WASHINGTON — In his most comprehensive effort to assure wavering Democrats, President Obama wrote in a letter to Congress that the United States would unilaterally maintain economic pressure and deploy military options if needed to deter Iranian aggression, both during and beyond the proposed nuclear accord.
The Aug. 19 letter, obtained by The New York Times, is addressed to Representative Jerrold Nadler, Democrat of New York, but is also aimed at other Democrats with concerns about the deal. For Mr. Obama, it reflects steps the administration could take outside the agreement. The president has repeatedly said that the deal reached by Iran and six world powers cannot be changed.
While many of the promises have been made before by Mr. Obama, Secretary of State John Kerry and others, White House officials say the letter represents the first time that the president himself has compiled them under his name and in writing. It commits explicitly to establishing an office within the State Department to carry out the nuclear accord.
In addition, Representative Adam Schiff of California, the ranking Democrat on the House Intelligence Committee, said that the letter expanded assurances that sanctions lifted under the nuclear accord could be reimposed piece by piece, not all at once, to keep Iran in compliance. Mr. Obama’s pledge to use the multinational commission policing the accord to block Iranian procurement of nuclear-related technology is new, as is the president’s explicit pledge “to enhance the already intensive joint efforts” of the United States and Israel in the region, said Mr. Schiff, a supporter of the deal.
“Should Iran seek to dash toward a nuclear weapon, all of the options available to the United States — including the military option — will remain available through the life of the deal and beyond,” Mr. Obama wrote.
He pledged to increase missile defense funding for Israel, accelerate co-development of missile defense systems, and boost tunnel detection and mapping technologies. He also vowed to increase cooperation with Israel and Persian Gulf allies to counter Iran’s efforts to destabilize Yemen, its support for Hezbollah in Lebanon, and its efforts to preserve the government of President Bashar al-Assad in Syria.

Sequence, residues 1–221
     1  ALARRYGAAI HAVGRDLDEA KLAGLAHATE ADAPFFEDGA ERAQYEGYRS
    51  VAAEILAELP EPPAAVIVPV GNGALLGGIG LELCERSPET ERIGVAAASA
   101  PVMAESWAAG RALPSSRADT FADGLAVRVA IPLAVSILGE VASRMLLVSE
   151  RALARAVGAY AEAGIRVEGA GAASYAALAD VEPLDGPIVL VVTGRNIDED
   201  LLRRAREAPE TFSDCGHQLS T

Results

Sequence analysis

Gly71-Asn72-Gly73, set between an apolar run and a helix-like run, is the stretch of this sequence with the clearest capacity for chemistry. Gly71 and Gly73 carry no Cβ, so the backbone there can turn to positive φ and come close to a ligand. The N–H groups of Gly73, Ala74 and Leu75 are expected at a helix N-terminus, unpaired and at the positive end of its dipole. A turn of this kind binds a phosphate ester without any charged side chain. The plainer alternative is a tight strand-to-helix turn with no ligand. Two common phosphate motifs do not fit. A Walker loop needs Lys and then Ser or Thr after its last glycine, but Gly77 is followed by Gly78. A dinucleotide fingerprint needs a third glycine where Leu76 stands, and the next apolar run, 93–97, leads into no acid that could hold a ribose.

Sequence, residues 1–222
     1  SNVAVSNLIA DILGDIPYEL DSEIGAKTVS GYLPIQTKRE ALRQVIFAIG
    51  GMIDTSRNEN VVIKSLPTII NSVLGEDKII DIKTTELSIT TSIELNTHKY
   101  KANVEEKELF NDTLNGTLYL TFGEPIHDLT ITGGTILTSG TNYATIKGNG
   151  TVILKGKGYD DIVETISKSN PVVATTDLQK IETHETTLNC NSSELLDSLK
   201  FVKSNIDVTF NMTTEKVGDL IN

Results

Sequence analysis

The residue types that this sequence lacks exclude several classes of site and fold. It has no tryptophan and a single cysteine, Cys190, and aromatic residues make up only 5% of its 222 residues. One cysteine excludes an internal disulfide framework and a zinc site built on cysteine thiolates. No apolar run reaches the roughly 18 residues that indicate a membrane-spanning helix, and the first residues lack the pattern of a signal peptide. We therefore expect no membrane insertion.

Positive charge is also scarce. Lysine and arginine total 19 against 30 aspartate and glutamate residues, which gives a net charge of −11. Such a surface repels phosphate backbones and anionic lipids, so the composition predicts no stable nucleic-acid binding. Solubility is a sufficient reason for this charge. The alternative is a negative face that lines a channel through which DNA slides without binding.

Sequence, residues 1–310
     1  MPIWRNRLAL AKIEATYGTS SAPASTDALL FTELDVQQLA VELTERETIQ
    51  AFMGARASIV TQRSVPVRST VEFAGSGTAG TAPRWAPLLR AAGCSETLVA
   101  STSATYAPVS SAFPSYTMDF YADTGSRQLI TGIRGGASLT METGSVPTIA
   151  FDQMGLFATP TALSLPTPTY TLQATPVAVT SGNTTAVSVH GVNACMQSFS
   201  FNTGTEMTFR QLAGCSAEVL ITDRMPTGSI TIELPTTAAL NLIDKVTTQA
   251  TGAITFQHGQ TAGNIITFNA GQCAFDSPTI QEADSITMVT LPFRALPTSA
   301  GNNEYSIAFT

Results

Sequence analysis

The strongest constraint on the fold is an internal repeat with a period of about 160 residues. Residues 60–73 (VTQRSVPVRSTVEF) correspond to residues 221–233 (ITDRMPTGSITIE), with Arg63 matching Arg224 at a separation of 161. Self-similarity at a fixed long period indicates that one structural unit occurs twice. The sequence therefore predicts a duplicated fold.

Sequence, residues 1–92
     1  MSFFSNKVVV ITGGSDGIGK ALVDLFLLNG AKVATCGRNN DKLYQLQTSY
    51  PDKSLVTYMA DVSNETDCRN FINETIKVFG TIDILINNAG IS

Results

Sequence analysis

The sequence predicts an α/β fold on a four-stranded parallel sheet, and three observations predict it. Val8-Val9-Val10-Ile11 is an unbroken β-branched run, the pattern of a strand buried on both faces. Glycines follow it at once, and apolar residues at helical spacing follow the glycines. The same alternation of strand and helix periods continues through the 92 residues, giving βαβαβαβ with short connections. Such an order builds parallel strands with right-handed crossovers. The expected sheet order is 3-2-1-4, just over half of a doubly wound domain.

The letter comes as supporters of the nuclear deal close in on the number of lawmakers they need to sustain a presidential veto of Republican-led efforts to block it. The announcements of support by moderate Democrats from Republican-leaning states, such as Senators Claire McCaskill of Missouri on Thursday and Joe Donnelly of Indiana on Wednesday, have changed the dynamic of the Iran debate. “This was not an easy call. It was a close call,” Ms. McCaskill said Thursday. “It’s wrong for anybody, including the president, to accuse those who don’t support this deal of bad faith or warmongering.”
With 26 Senate Democrats declaring their support for the accord, and five others leaning toward supporting it, it is becoming increasingly difficult for opponents of the deal in the Senate to find the 67 votes needed to override a veto.
Even some senior Republicans are looking beyond the September showdown to the accord’s implementation. “I’ve said from Day 1 it’s a heavy lift, and the administration has been effective with Democrats in saying it’s this deal or no deal,” said Senator Bob Corker of Tennessee, the Senate Foreign Relations Committee chairman working to kill the accord. “There’s going to have to be a regional follow-on now. This cannot be implemented in a vacuum because this will be our Middle East policy.”
The president and Democratic leaders are now pressing for a more convincing vote. Representative Nancy Pelosi of California, the minority leader, is coordinating efforts to secure enough Democratic support to sustain a veto, through “Dear colleague” letters from respected members and assurances from outside experts. A two-thirds vote to override is also required in the House, and if the vote falls short in either chamber, the agreement goes through.